Sex and the pity: ‘And Just Like That’ defies all positive expectations of a revival of the series

David Matos, Associate Arts & Life Editor

Illustration by (Emma Kogel)

The “Sex and the City” franchise is that old friend you keep running into every few years. You may have an amazing history together, but as you mature, you two just begin to fade away and your irreplaceable get-togethers turn into an awkward wave and nod at the local coffee shop.

The sex-positive American drama series, “Sex and the City,” was leaps and bounds ahead of its time as it showcased four sexually liberated female friends in their 30s combatting the New York City dating scene. The show spawned six seasons and two movies, and was a staple in the homes of many adults from the late 1990s through the whole of the 2000s.

Needless to say, expectations were high when a reboot series, “And Just Like That,” was announced by HBO Max that the three of the four leading ladies are making a swift comeback to reprise their iconic roles.

“And Just Like That” follows a similar idea to the original series but this time Carrie (Sarah Jessica Parker), Miranda (Cynthia Nixon) and Charlotte (Kristin Davis) are in their 50s and are navigating a new chapter in their lives and friendship. Despite Kim Cattrall refusing to return to her role as the sex-positive fourth member of the group, Samantha, the reboot had all the ingredients to make something fabulous.

Instead, each episode was a cringe-fest of forced progressive storylines, nonsensical character development and amateur subplots written by people who seemingly never watched any previous iteration of “Sex and the City.”

A major hiccup within the reboot is the handling of Samantha’s absence from the show. It’s unbelievable for a friend as loyal as Samantha to move all the way to London over a financial dispute with Carrie. In one episode of “Sex and the City,” she selflessly pulled out Carrie’s diaphragm, so needless to say she is not the type of person who would drop a close friend over something as minuscule as money.

An even worse subtraction from the series is Miranda’s sanity. All of Miranda’s likable characteristics were in shambles in “And Just Like That,” as expressed through her newfound relationship with the show’s first non-binary character and stand-up comedian, Che, played by Sara Ramirez. Miranda, who eloped with Steve in the final season of “Sex and the City,” is suddenly unhappy with her marriage as Steve can no longer satisfy her sexually.

Instead of communicating any of this to her husband of almost 20 years, she “naturally” has an affair with a podcast host who believes to be hilarious enough to classify themself as a comedian.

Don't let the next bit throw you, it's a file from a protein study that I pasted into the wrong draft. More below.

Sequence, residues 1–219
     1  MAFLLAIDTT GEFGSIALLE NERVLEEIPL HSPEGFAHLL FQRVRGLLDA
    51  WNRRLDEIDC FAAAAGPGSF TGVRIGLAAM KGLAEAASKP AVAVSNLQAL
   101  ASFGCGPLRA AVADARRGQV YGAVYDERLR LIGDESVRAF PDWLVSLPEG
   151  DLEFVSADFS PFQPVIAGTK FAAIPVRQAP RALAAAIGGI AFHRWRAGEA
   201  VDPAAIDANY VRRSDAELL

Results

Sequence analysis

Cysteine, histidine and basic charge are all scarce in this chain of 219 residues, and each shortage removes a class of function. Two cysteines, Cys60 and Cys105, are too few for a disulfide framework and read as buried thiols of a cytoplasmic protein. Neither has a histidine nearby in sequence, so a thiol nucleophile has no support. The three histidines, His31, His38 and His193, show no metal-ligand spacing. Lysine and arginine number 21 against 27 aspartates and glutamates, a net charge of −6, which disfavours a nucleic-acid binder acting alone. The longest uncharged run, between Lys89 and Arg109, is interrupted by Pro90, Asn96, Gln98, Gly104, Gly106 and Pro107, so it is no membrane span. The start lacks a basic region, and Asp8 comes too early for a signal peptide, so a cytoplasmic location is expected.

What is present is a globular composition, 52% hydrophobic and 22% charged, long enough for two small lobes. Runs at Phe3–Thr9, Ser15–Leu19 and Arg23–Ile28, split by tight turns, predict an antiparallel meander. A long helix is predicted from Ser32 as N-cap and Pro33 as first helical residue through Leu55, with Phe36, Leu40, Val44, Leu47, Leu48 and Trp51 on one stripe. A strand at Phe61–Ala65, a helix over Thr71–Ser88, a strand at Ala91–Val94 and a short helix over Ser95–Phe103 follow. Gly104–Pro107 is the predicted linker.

Miranda was the charismatic and wise lawyer of the group who was always in control of her life and was never quite known to make spontaneous decisions. Her choice to move on to a new chapter in her life with Che while leaving Steve in the trenches was extremely upsetting.

It’s also surprising that the show’s writers would go in this direction with the character, especially considering Steve cheated on Miranda once in the first “Sex and the City” movie which nearly separated the couple for good. Miranda is either a major hypocrite or suffered severe memory loss sometime between the first movie and the reboot.

The writers of “And Just Like That” force the audience to accept Miranda’s inability to comprehend the weight of her out-of-touch relationship under the nose of her husband.

Their relationship is not admirable in the slightest, and I found myself rooting for Steve more than I did for Che and Miranda.

The show also hinted at Miranda having a drinking problem, but the storyline was abruptly abandoned when she decided to empty her bottle into her sink instead of seeking realistic help. It just goes to show how thoughtless the writers were when fabricating storylines the viewers are meant to care about.

The charm of the original series stemmed from the ladies’ relatability and sex-positive wit that made you root for every character. The reboot series, however, makes every character unlikable, far removed from the original source material. It almost feels like you’re watching a totally different set of characters.

Carrie is a widow with nothing but a podcast, a large fortune and a depressed look on her face for the duration of the series. Charlotte turned into a caricatured version of her former self who deals with seemingly non-problems every episode. Miranda gets the most unfortunate transformation as her strong will and togetherness is traded for a deranged personality and rose-colored glasses.

The most tolerable character in “And Just Like That” is the no-nonsense Seema, played by Sarita Choudhury. Seema is first introduced as Carrie’s real estate agent, but their business relationship quickly evolves into the most appealing friendship on the show. Seema brings a familiar and fun energy to the series that’s quite refreshing, especially in contrast to the chaos happening everywhere else.

“Sex and the City” lives on as one of my favorite shows, so it is bothersome that the reboot doesn’t compare in the slightest. I was left more and more disappointed with each episode. My fingers were crossed that the series would end with Carrie waking up from a terrible nightmare. However, despite their flaws, my devotion to these characters and their deranged lives did keep me invested every week.

Though I thoroughly disliked nearly everything about this series with just so much potential, I do yearn for a season two so the writers have another opportunity to clean up the mess that was made of this first one, and give any dignity left back to these once-beloved characters. The reboot is HBO Max’s most-viewed original show ever, so the likelihood of a second season is surprisingly high.